Developmentalism and Dependency in Southeast Asia: The Case of the Automotive Industry

By Jason P. Abbott | Go to book overview

2

Southeast Asia's economic development in the Global and Regional Political Economy

Introduction

Prior to the recent economic crisis, the Southeast Asian states of Indonesia, Malaysia and Thailand were among the fastest growing economies in the world. While there are many dissimilarities between the social, political and economic histories of these states, they are also linked by common experiences and structures. The common experience of late industrialisation, for example, cannot be understood without reference to the accelerated process of the internationalisation and globalisation of production and finance since the Second World War. Similarly, the colonial and pre-colonial experiences of these states is also significant. For example, the integration of Southeast Asia into the world economy arguably predates the spread of European colonialism to the region as the modern territories that constitute Southeast Asia have a long history of social, political and economic interaction with imperial China (Seagrave, 1995).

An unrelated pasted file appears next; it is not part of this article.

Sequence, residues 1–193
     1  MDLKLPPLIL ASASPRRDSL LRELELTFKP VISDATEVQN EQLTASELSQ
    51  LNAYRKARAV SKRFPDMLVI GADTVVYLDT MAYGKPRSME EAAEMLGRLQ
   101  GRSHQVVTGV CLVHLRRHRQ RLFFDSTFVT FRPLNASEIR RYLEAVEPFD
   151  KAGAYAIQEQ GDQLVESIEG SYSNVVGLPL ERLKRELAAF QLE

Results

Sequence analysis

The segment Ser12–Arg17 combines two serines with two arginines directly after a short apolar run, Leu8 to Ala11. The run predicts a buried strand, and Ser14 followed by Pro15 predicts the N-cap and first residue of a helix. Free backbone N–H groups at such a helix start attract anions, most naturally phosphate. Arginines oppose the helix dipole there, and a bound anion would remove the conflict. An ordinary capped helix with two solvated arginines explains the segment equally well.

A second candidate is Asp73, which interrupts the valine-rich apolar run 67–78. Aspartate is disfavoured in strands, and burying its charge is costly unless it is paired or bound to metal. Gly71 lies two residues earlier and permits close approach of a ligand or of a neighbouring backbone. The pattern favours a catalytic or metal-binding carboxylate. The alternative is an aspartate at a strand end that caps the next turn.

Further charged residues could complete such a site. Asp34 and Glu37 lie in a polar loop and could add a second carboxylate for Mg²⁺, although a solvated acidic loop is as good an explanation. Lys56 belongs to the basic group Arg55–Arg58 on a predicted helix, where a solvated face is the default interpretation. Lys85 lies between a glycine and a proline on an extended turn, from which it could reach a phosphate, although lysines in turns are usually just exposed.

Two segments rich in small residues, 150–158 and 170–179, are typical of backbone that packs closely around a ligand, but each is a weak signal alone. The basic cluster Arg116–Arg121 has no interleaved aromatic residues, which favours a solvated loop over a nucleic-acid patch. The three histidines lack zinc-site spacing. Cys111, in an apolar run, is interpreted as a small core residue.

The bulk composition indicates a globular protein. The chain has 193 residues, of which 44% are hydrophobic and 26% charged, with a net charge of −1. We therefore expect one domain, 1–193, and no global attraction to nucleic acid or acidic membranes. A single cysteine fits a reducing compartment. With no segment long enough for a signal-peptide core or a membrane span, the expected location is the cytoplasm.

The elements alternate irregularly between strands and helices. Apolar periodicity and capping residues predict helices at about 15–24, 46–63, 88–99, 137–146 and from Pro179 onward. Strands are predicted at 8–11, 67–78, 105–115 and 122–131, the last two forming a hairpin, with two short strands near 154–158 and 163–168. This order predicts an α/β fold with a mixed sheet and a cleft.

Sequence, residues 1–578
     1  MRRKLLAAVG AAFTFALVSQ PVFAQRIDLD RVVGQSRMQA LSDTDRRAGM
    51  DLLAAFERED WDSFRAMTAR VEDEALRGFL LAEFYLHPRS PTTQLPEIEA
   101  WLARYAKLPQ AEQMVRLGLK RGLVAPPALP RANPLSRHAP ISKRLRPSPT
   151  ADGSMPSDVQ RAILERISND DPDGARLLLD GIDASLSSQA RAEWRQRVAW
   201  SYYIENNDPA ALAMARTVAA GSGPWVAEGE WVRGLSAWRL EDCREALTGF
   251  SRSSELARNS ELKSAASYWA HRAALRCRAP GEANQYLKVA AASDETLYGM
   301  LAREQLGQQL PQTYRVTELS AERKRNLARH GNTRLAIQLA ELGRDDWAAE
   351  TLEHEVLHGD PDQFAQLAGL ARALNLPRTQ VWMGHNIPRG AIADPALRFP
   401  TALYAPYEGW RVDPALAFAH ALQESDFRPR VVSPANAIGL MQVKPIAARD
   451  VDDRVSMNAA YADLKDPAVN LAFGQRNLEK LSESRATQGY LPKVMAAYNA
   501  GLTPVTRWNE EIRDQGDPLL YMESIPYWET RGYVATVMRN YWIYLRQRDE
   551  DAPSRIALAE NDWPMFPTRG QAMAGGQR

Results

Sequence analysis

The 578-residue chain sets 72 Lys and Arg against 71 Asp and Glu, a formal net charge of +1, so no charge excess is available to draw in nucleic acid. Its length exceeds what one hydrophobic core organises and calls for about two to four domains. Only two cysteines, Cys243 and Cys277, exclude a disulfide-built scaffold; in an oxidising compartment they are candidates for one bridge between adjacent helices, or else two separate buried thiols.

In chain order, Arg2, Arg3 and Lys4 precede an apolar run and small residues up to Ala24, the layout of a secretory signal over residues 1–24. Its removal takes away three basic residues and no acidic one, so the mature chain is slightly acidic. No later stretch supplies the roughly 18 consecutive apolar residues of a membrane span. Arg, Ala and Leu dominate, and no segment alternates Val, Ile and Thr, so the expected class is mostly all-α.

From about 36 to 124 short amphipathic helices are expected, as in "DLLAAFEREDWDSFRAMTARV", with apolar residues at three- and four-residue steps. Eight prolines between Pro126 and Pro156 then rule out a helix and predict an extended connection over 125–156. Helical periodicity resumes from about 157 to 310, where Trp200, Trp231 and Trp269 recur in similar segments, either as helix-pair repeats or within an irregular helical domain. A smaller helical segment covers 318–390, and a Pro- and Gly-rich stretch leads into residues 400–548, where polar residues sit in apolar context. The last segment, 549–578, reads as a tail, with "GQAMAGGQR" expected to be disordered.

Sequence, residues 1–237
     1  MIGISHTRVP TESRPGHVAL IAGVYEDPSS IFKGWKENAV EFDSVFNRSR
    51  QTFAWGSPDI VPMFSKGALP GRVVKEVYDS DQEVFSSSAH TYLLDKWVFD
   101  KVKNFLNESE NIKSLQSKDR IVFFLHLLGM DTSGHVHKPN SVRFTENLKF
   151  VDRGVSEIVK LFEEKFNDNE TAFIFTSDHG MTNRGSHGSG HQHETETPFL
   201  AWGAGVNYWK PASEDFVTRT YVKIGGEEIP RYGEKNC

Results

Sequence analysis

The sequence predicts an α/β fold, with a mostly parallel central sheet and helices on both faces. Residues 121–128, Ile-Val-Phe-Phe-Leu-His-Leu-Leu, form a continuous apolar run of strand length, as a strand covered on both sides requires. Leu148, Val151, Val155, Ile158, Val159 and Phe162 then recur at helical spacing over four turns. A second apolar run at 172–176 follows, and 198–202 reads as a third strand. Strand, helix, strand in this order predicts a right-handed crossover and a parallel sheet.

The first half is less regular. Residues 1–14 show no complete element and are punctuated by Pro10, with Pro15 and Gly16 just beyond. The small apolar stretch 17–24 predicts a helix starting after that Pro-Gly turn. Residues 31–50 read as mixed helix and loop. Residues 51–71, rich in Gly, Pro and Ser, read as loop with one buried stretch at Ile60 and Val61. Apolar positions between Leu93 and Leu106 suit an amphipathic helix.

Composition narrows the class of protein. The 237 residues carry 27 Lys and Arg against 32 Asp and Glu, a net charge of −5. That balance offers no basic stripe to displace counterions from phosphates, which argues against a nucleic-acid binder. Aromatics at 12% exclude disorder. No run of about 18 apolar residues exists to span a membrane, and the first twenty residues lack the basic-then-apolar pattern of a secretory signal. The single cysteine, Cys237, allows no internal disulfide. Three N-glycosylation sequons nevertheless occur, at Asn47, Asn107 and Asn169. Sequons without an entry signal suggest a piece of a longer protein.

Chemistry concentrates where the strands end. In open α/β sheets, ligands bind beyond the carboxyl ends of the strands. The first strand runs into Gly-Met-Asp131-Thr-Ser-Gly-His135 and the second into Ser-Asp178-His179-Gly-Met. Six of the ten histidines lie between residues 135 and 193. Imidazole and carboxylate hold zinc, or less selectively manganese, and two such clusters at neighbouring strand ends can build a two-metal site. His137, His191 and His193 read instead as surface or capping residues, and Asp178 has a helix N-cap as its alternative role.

Consequently, in order to fully understand the complexities of the developmental experiences of Southeast Asia it is necessary to place these countries in their regional and global context, since relatively open trade and investment have been indispensable to their economic development. Emerging from colonialism and colonial trading arrangements, Indonesia, Malaysia and Thailand developed world-wide commercial ties, and in particular significant linkages with the economy of the wider Asia-Pacific region.

What is noticeable about such linkages is that they were achieved without elaborate institutional or common security frameworks. Furthermore, such linkages did not produce any sense of regional 'communal' consciousness or claims to political leadership comparable to the European Union or North America (Bergsten and Noland, 1993). Indeed the Asia-Pacific region is almost unique in having no obvious explicit regional leader (Palan and Abbott, 2000, pp. 55-77).

Nonetheless, some analysts (e.g. Cronin, 1992) view Southeast Asia as an extension of the Japanese economy. Undoubtedly, Japanese investment in the region has played a vital role in the development of Indonesia, Malaysia and Thailand, particularly since the Plaza Accord of 1985, which precipitated

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